Lalo Asabi is one of the 180 woredas in the Oromia Region of Ethiopia. Part of the Mirab Welega Zone, Lalo Asabi is bordered on the south by Yubdo, on the west by Ayra Guliso, on the north by Boji, on the east by the Benishangul-Gumuz Region, and on the southeast by Gimbi. The administrative center of this woreda is Inango; other towns in Lalo Asabi include Dongoro.
A survey of the land in Lalo Asabi shows that 80.39% is cultivated or arable, 5.26% pasture, 9.08% forest, and 5.26% infrastructure or other uses. Coffee is an important cash crop of this woreda. Over 50 square kilometers are planted with this crop.
There are 22 primary schools, and 2 secondary education schools in this woreda. Health services are provided by two clinics, and eight health posts; most of these facilities are located in urban areas.
Based on figures published by the Central Statistical Agency in 2005, this woreda has an estimated total population of 82,987, of whom 42,845 are men and 40,142 are women; 10,090 or 12.16% of its population are urban dwellers, which is greater than the Zone average of 10.9%. With an estimated area of 376.57 square kilometers, Lalo Asabi has an estimated population density of 220.4 people per square kilometer, which is greater than the Zone average of 91.7.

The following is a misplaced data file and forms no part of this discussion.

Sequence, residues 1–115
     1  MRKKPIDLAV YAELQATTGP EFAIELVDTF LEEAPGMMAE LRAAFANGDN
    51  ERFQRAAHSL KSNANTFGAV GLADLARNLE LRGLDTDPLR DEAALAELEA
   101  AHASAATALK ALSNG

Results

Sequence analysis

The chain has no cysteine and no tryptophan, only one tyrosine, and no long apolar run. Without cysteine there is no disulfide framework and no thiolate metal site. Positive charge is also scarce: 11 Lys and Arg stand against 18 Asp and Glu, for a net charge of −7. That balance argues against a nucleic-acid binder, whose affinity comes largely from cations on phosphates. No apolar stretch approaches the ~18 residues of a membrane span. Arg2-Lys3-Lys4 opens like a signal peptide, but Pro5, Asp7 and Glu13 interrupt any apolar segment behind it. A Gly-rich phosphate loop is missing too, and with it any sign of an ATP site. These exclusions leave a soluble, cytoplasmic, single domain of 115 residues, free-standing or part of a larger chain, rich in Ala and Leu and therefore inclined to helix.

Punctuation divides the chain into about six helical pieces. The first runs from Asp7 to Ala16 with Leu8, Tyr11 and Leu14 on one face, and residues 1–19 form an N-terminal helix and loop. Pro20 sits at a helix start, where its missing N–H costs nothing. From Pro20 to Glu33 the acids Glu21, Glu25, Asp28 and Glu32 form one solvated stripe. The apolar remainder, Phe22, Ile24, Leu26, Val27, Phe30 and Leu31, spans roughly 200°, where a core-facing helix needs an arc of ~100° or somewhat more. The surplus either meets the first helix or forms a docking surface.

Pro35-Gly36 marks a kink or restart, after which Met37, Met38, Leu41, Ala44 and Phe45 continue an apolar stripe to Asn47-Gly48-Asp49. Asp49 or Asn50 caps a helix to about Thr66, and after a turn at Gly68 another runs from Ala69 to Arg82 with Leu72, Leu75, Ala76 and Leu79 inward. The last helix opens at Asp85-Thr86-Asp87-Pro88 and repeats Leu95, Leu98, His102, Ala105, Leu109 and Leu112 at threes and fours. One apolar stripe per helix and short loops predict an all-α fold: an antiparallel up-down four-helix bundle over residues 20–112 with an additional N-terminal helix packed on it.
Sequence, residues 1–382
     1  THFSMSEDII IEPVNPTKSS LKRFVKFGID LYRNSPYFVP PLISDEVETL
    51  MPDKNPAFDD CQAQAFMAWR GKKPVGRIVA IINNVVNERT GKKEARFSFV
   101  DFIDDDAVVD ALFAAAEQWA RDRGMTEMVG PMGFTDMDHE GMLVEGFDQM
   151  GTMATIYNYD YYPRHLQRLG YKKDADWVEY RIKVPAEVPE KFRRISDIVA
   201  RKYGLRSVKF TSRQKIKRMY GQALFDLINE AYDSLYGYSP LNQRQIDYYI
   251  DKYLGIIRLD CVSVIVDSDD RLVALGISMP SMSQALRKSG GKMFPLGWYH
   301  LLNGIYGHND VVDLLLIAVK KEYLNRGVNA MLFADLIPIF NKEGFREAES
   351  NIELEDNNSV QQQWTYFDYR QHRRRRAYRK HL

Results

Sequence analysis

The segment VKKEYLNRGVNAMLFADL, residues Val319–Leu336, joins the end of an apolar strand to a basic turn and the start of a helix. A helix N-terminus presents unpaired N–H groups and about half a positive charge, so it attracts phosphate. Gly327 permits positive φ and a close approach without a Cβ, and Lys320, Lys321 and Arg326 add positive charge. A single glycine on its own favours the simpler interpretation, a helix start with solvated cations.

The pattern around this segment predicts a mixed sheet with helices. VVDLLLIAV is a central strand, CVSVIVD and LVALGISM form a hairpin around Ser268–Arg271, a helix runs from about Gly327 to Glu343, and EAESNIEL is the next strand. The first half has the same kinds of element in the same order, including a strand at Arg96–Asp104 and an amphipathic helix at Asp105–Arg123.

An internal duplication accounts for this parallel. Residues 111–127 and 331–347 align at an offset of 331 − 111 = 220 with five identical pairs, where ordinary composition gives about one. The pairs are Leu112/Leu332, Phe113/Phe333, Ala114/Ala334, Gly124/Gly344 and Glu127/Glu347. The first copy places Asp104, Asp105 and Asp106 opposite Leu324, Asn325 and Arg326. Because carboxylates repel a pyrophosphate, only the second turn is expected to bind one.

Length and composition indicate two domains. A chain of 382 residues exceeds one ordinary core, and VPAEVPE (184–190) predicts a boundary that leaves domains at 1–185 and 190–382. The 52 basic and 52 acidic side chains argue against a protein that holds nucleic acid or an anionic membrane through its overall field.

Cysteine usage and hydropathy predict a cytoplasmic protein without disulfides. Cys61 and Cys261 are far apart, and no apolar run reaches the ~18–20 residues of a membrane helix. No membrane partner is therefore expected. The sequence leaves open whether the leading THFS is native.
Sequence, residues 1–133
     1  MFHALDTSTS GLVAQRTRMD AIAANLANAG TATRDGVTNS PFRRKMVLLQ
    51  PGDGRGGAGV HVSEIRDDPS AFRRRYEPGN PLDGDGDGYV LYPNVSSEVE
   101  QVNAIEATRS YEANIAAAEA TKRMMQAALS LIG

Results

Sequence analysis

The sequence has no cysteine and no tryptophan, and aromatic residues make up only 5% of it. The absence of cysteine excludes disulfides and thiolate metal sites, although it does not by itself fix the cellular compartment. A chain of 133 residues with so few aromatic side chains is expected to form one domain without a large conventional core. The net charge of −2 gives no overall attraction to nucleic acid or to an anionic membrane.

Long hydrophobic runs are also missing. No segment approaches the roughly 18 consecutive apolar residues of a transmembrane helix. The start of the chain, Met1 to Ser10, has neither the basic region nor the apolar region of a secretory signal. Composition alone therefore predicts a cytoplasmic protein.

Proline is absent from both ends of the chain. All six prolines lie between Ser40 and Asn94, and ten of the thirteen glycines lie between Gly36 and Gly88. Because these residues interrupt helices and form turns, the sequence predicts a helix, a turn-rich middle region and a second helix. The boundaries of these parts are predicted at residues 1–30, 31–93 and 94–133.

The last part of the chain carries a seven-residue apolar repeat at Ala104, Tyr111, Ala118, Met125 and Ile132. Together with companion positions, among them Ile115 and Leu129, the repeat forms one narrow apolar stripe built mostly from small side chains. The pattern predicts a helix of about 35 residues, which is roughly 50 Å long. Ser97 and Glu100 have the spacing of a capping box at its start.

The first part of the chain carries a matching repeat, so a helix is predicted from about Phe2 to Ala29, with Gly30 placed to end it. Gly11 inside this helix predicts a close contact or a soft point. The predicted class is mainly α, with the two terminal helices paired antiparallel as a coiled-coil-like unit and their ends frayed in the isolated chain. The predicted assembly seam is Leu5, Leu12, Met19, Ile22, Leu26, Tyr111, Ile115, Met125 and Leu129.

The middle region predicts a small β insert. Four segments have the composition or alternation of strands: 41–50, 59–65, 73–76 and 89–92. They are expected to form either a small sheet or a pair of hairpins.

The 1994 national census reported a total population for this woreda of 58,695 in 9,526 households, of whom 28,473 were men and 30,222 were women; 5,647 or 9.62% of its population were urban dwellers. The two largest ethnic groups reported in Lalo Asabi were the Oromo (98.39%), and the Amhara (1.27%); all other ethnic groups made up 0.34% of the population. Oromiffa was spoken as a first language by 98.64%, and 1.09% spoke Amharic; the remaining 0.27% spoke all other primary languages reported. The majority of the inhabitants were Protestant, with 64.51% reporting that as their religion, while 32.84% practiced Ethiopian Orthodox Christianity, and 1.28% Muslim.
- Span Consultants Ltd, et al. "Mekenajo - Dembidolo Road Upgrading Project, Revised Final EIA Report", World Bank website (March 2009), p. 28
- "Coffee Production" Oromia Coffee Cooperative Union website
- "Mekenajo - Dembidolo Road Upgrading Project", pp. 30f
- CSA 2005 National Statistics, Tables B.3 and B.4
- 1994 Population and Housing Census of Ethiopia: Results for Oromia Region, Vol. 1, part 1, Tables 2.1, 2.12, 2.16, 2.20, Annex II.2 (accessed 9 April 2009)